Lauren Mayer: Don’t Go Michele!

Michele Bachmann recently told us she was not going to run for re-election in 2014.  While some people greeted her announcement with either relief (no more being confused by Minnesota having both legal gay marriage and Bachmann as a representative) or snickers (instead of a press conference, she posted a gauzy, underscored video that bore an eerie resemblance to those short films airplanes use to show you how to buckle a seatbelt.)  But there were also many people who were distraught that she would be leaving public life, especially since Fox News is denying rumors that she would simply be moving there.

Of course her loyal followers are upset, but probably not nearly as much as comedians.  One basic tenet of good comedy is to say outrageous things as though they were perfectly normal.  (A great example of this is George Carlin’s segment in “The Aristocrats,” the cult movie about the world’s dirtiest joke.  Carlin’s advice was to deliver off-color content as though one was describing how a carburetor works – the movie is worth watching just for that part!)  Ms. Bachmann was a textbook illustration of this principle, maintaining her composure while expounding vehemently, and seriously, about everything from the IRS’s conspiracy to deny Tea Party members any health care, to “The Lion King” serving as a homosexual recruiting tool (convincing kids that they should be gay because a gay composer wrote the music).  And facts be damned – when she was criticized for stating that Lexington & Concord were in New Hampshire, she simply explained that New Hampshire had as much right to be proud of “the shot heard round the world” as the actual location.  My personal favorite was her claim that there was a suspicious coincidence in flu surges occuring during Democratic presidencies, like an outbreak under Obama and then the big swine flu epidemic in 1976 (which was under Gerald Ford’s watch, not Jimmy Carter’s, but whatever?).  Frankly, at times I wondered if she were some sort of giant humor project, like Stephen Colbert’s brief run for president, and the whole thing would be revealed like Joaquin Phoenix’s odd ‘performance art’ on The David Letterman show.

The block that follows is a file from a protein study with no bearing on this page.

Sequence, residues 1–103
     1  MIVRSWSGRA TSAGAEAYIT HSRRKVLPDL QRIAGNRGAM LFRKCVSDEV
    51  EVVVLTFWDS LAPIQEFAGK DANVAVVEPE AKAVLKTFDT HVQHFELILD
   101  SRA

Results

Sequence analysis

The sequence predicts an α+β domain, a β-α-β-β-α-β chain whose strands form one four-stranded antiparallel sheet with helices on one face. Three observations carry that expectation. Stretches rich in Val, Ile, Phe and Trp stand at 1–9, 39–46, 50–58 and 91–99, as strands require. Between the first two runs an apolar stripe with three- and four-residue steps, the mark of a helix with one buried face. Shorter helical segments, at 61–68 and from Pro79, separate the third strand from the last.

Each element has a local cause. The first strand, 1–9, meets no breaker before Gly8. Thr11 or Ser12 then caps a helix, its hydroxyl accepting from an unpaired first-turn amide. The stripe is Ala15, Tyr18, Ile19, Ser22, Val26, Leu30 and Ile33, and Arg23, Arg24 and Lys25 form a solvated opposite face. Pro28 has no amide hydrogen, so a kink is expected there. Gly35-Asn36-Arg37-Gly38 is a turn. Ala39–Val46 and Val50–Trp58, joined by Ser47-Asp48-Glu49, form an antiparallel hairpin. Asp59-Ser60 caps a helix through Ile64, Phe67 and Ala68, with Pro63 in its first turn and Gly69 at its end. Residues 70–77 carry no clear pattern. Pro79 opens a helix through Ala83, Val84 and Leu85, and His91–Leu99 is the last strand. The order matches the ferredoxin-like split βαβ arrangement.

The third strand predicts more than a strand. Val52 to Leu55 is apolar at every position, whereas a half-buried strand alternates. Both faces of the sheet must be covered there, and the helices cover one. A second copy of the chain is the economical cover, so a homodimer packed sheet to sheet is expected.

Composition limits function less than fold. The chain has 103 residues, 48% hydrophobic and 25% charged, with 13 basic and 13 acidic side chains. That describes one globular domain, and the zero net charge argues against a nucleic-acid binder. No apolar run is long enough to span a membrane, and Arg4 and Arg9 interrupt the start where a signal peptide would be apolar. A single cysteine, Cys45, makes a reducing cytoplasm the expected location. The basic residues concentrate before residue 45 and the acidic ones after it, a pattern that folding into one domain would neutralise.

But now she’s leaving – and while there will still be plenty of loony conspiracy theorists around, none of them will make writing comedy as easy as Ms. Bachmann has, because what she actually said needs no embroidering to be funny.  (I discovered the truth of the axiom that real life is funnier than anything I can write when my kids started asking me about the facts of life . . . when I explained the whole thing to my younger son and asked if he had any questions, he said with great concern, “What if it gets stuck?” I told him that wouldn’t happen, not as long as he was 18 and she was Jewish . . . . Sadly, now that they’re older teenagers with cars, they’re not home enough to provide me with material.   But I digress . . . )

I’d actually planned on doing a song for Ms. Bachmann during the 2012 election, but she dropped out before I got to her, so I’m grabbing this opportunity just in case she vanishes from public life and devotes her life to combating the scourge of gay liberal Disney-movie propaganda . . .


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